Serological data suggest that BIV occurs throughout the world with the highest prevalence in the USA and Canada, where estimates of the prevalence of infection range from 20 to 60%. Seroepidemiological evidence has been presented for other countries in Europe and Japan, suggesting that the prevalence there is much lower, at 4-35%. The impact of BIV infection on disease in cattle is also controversial. In some cattle herds in the southern USA, BIV has been cited as the underlying cause of a syndrome of ill health and poor performance (Gonda et al., 1994; McNab et al., 1994; Snider et al., 1996, 1997) while other reports provide little evidence of pathogenicity (Martin et al., 1991; Onuma et al., 1992; Flaming et al., 1993; Suarez et al., 1993). There is considerable interest, therefore, in establishing the role of BIV in cattle disease. The majority of naturally acquired infections fail to produce a specific clinically recognised syndrome. Infection with BIV may predispose cattle to an increased incidence or severity of endemic diseases.
Host AnimalsTop of page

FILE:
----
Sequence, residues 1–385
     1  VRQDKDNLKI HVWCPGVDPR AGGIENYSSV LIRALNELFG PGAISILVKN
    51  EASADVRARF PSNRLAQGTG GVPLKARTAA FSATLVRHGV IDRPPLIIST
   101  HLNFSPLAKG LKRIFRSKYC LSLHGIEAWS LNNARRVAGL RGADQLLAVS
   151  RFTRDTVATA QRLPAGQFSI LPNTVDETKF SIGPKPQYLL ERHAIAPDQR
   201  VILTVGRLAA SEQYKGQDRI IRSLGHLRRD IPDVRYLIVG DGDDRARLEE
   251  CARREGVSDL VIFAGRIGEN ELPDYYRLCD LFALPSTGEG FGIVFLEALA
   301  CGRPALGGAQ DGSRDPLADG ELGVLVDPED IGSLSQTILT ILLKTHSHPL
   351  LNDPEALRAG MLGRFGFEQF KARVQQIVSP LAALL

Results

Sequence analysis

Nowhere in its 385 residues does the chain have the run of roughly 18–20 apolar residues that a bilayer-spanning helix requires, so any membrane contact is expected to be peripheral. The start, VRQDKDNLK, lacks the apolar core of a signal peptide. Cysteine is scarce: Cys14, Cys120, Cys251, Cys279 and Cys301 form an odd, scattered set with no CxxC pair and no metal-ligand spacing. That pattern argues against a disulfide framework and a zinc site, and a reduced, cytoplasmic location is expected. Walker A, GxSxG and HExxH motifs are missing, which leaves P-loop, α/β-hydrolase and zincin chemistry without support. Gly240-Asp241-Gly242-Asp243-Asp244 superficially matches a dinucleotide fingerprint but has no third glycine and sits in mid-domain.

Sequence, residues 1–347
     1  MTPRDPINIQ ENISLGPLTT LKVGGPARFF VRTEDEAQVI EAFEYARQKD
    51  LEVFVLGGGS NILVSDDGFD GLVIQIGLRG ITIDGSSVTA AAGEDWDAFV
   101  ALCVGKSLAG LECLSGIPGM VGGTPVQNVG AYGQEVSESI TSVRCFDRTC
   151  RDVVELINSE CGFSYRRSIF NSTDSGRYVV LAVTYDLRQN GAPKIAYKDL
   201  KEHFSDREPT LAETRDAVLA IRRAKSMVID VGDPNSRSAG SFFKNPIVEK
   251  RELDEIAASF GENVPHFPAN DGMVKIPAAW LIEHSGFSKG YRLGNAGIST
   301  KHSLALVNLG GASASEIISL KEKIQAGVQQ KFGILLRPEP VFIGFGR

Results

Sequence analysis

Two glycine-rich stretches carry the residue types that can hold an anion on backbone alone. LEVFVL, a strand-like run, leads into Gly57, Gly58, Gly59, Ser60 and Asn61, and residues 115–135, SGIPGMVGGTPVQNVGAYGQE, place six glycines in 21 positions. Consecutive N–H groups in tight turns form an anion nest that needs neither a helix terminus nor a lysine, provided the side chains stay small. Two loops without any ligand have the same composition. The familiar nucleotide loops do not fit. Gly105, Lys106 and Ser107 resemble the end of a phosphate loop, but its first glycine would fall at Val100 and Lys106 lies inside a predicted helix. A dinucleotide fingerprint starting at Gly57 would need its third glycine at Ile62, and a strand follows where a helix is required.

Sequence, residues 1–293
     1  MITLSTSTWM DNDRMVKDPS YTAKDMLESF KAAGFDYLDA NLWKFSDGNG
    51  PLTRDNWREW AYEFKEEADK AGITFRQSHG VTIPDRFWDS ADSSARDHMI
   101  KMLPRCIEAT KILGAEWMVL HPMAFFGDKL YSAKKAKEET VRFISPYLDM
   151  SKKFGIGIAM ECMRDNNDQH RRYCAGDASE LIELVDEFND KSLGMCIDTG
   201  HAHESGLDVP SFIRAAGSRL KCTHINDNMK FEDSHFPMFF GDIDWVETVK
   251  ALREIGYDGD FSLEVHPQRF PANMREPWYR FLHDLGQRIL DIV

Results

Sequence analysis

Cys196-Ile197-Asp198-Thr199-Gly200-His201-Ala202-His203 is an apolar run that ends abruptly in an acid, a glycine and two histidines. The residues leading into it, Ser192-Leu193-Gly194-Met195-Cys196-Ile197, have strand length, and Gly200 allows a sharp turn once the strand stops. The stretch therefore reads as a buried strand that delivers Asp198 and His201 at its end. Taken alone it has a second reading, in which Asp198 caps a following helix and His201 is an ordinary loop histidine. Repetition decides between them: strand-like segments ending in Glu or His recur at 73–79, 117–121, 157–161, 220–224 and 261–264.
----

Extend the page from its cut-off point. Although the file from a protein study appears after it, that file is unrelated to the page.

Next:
Hosts/Species AffectedTop of page
BIV appears to be specific for infection of its natural host Bos taurus. Sheep, goats and rabbits have been experimentally infected with cell-associated virus but in the field there is no evidence of natural infection (Whetstone et al., 1991; Pifat et al., 1992; Jacobs et al., 1996, Kalvatchev et al., 1998). A transient viraemia was detected following experimental infection of Bali cattle with BIV, together with a variable antibody response, but there were no clinical signs of disease (McNab et al., 2010). It does appear that rodents are not susceptible to BIV infection (Gonda, 1992). These findings support evidence that lentiviruses are species-specific.
Systems AffectedTop of page